production and units of sales.)
      b. Prepare a monthly schedule of cash receipts. Sales in the December before the planning
          year are $100,000. Work part b using dollars.
      c. Determine a cash payments schedule for January through December. The production
          costs of $2 per unit are paid for in the month in which they occur. Other cash payments,
          besides those for production costs, are $40,000 per month.



                                                       6-23
Chapter 06: Working Capital and the Financing Decision




      d. Prepare a monthly cash budget for January through December using the cash receipts
         schedule from part b and the cash payments schedule from part c. The beginning cash
         balance is $5,000, which is also the minimum desired.

6-21. Solution:
                      Bombs Away Video Games Corporation
          a. Production and inventory schedule in units
          Beginning                                                               Ending
          Inventory   +    Production1    –     Sales2                     =     Inventory
Jan.         20,000   +         11,600    –     19,000                     =        12,600
Feb.         12,600   +         11,600    –     17,600                     =         6,600

Mar.             6,600          +              11,600       –    4,000     =         14,200

Apr.           14,200           +              11,600       –    4,000     =         21,800
May            21,800           +              11,600       –    3,000     =         30,400
June           30,400           +              11,600       –    6,000     =         36,000
July           36,000           +              11,600       –    8,000     =         39,600
Aug.           39,600           +              11,600       –    8,000     =         43,200
Sept.          43,200           +              11,600       –   10,000     =         44,800
Oct.           44,800           +              11,600       –   16,000     =         40,400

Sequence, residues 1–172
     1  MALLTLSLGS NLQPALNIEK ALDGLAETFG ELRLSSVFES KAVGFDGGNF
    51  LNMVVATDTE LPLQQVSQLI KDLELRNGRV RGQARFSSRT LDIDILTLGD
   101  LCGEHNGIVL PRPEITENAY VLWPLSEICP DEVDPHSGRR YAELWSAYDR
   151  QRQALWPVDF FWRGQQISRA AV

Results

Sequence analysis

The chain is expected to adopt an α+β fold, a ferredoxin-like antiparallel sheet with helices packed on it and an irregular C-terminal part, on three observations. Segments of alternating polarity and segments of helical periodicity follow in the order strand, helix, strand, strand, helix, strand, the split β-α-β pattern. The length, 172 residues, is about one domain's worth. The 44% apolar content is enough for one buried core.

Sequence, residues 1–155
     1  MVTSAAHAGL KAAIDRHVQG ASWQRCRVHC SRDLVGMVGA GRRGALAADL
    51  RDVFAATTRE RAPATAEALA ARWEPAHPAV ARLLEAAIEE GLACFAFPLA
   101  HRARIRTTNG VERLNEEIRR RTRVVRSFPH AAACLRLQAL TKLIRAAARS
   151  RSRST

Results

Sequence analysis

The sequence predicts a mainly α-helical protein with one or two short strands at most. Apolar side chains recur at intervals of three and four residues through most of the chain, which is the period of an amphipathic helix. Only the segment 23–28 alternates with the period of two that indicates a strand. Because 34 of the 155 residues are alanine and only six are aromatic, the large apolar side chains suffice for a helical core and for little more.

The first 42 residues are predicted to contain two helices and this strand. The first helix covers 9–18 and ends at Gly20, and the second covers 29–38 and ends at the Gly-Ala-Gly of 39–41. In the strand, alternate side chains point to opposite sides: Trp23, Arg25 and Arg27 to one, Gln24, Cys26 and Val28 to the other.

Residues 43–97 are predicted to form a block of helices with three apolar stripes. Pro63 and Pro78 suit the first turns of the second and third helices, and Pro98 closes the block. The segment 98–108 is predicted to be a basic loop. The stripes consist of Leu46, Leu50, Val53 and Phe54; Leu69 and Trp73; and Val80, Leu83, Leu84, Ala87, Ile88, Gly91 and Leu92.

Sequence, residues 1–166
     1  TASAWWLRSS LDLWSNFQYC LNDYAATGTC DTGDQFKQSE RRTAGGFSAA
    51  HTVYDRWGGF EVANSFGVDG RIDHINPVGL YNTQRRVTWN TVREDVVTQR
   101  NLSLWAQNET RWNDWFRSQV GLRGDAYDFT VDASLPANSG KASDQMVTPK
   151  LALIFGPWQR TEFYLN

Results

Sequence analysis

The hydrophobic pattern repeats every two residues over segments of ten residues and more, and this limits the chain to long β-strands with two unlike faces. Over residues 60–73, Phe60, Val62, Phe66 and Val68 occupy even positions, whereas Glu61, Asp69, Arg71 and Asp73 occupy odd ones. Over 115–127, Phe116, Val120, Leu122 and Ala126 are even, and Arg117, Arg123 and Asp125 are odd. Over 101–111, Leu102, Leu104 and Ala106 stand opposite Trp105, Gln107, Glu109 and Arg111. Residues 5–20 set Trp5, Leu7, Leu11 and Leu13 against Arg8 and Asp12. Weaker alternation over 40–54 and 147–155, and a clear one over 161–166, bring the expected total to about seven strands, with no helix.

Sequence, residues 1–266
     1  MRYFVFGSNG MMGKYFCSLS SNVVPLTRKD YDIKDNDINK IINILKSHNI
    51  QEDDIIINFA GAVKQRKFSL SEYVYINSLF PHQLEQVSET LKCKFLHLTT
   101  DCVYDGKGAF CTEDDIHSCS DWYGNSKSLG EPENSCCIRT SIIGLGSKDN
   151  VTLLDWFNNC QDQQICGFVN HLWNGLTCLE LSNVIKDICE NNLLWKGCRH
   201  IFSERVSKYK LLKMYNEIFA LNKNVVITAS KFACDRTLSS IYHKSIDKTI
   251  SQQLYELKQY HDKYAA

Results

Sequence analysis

Nov.           40,400           +              11,600       –   20,000     =         32,000
Dec.           32,000           +              11,600       –   23,600     =         20,000
                 1
                   Total annual sales = $696,000
                   $696,000/$5 per unit = 139,200 units
                   139,200 units/12 months = 11,600 per month
                 2
                   Monthly dollar sales/$5 price = unit sales




                                                     6-24
Chapter 06: Working Capital and the Financing Decision



6-21. (Continued)
b.
                                                 Bombs Away Video Games Corporation
                                                         Cash Receipts Schedule

                                               Jan.        Feb.        Mar.       Apr.      May       June
Sales (in dollars)        $95,000        $88,000                      $20,000     $20,000   $15,000   $30,000
30% Cash sales              28,500        26,400                        6,000       6,000     4,500     9,000
70% Prior month’s sales     70,000*       66,500                       61,600      14,000    14,000    10,500
Total cash receipts       $98,500        $92,900                      $67,600     $20,000   $18,500   $19,500
      *based on December sales of $100,000

                                              July         Aug.        Sept.       Oct.     Nov.     Dec.
Sales (in dollars)                           $40,000     $40,000      $50,000     $80,000 $100,000 $118,000
30% Cash sales                                12,000      12,000       15,000      24,000   30,000   35,400
70% Prior month’s sales                       21,000      28,000       28,000      35,000   56,000   70,000
Total cash receipts                          $33,000     $40,000      $43,000     $59,000 $ 86,000 $105,400




                                                               6-25
Chapter 06: Working Capital and the Financing Decision



6-21. (Continued)
          c.
                                            Bombs Away Video Games Corporation
                                                         Cash Payments Schedule
                                                           Constant production
                                                    Jan.         Feb.       Mar.     Apr.      May       June